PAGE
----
5 Natural Pain Management Techniques That Work
Perhaps you’re tired of waking up with lower back pain. Or getting through the workday with headaches. Maybe nerve damage or arthritis is what keeps you from enjoying special events. Whatever your chronic pain condition, there may be a natural remedy.
Forty-two million US adults say pain disrupts their sleep at least a few nights a week or more. And an estimated 20% of patients in pain receive an opioid prescription at the doctor’s office.
Yet opioids come with the risk of serious side effects, as well as addiction. One in seven Americans over the age of 12 has a substance misuse problem.
Natural pain management comes without the side effects of prescription painkillers. From nausea and constipation to drowsiness and slowed breathing, prescription pain medications may be more of a hindrance than a benefit to some.
Enter: Natural pain management techniques that are simple to implement (and often covered by insurance!).
5 Natural Pain Management Techniques That Work
Chronic pain is worth a conversation with your doctor, and it doesn’t have to end in a drug prescription. While some benefit from this treatment, others favor the tools like diet, movement, and non-opioid options described below.
1. Incorporate pain-fighting foods into your diet
Diet plays a significant role in pain management. People who consume pain-fighting foods report less pain and need less medication than those who don’t.
You already know that some foods are better for you than others (we’re looking at you, trans fats) and that you should eat a balanced diet of fruits, veggies, protein, carbs, and fiber. Try Including certain foods within this balanced diet for natural pain management.
Foods that provide natural pain relief include:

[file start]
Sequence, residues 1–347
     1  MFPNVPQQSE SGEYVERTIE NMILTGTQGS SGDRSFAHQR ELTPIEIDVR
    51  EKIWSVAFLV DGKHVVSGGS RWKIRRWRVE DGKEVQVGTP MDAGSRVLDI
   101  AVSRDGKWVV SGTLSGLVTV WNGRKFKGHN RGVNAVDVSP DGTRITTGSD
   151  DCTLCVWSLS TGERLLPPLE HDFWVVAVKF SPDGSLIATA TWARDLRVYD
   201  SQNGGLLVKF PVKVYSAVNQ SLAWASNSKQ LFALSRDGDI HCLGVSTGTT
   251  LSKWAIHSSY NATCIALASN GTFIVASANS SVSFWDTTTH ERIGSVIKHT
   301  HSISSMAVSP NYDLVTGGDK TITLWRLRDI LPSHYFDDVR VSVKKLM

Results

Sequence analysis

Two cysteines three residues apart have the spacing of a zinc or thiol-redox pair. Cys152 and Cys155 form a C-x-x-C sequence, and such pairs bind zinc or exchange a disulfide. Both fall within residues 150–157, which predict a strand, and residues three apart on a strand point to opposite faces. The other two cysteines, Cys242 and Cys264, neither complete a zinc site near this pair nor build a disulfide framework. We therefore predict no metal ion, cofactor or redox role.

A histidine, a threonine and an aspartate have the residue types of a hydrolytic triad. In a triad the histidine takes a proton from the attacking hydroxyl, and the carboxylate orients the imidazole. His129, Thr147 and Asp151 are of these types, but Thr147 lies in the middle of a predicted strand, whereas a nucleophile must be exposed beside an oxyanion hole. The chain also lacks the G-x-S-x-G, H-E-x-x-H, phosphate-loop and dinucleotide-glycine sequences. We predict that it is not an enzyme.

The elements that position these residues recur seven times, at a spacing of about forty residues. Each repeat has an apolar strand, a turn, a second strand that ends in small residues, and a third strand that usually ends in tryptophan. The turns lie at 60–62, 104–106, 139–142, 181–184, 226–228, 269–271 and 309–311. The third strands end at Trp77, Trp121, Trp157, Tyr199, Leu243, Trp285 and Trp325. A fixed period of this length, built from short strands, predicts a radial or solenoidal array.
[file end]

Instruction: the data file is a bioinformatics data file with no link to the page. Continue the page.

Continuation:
- Red grapes
- Pumpkin Seeds
- Chili peppers
To truly manage your pain with food, you’ve got to analyze what you’re putting into your body too. Consuming more added sugars than the body can process at one time increases the release of cytokines (pro-inflammatory compounds) and may activate C-reactive proteins (an inflammatory biomarker). Additionally, excess sodium may lead to water retention, which can increase joint pain.
2. Increase your level of movement
Physical activity doesn’t have to cause pain. The right exercises may help improve mobility and decrease inflammation, as well as overall pain levels. Try walking, swimming, yoga, tai chi, and strengthening/stretching exercises.
It may seem daunting, but exercise could be all that stands between you and preventing chronic pain.
3. Consider alternative pain relief
Other natural pain management options include regular chiropractic care, physical therapy, therapeutic massage, and cognitive-behavioral therapy.
Chiropractors realign the body to relieve pain, improve function, and help the body heal itself.
A physical therapist may be able to devise an exercise program that addresses your specific pain concerns.
Therapeutic massage not only relaxes painful muscles, tendons, and joints, but also relieves stress and anxiety and helps to stimulate competing nerve fibers while disrupting pain messages to and from the brain.
Cognitive-behavioral therapy aims to adjust the way you think about certain things, like your pain. When you learn how to stop negative thoughts, you become more equipped to cope with life’s challenges. This is an excellent option in conjunction with other natural pain management techniques.
4. Up the ante with advanced pain management approaches
If your pain is unmanageable, you may consider other options with your doctor like electrical nerve stimulation, spinal cord stimulators, muscle/nerve/spinal injections, implantable infusion pumps, and surgical procedures to eliminate the pain source.
5. If medication is right for you, consider non-opioid options
These medications may come with their own side effects (talk to your doctor), but they eliminate the risks of opioids. Give non-opioid pain management a try with medications like:
- Non-steroidal anti-inflammatory drugs (NSAIDs) (such as ibuprofen and naproxen)
- Anticonvulsants (like gabapentin)
- Tricyclic antidepressants (TCAs) and Serotonin-norepinephrine reuptake inhibitors (SNRIs) (antidepressant medications)
- Corticosteroids (steroid injections)
- Skeletal muscle relaxants
- Topical analgesics (cream- and ointment-based pain meds)
Consult your doctor if over-the-counter pain medications (like Tylenol or ibuprofen) do not relieve muscle pain caused by occasional pain from movement your muscles aren’t accustomed to.
Have you tried any of these natural pain management techniques? Let us know what works for you in the comments!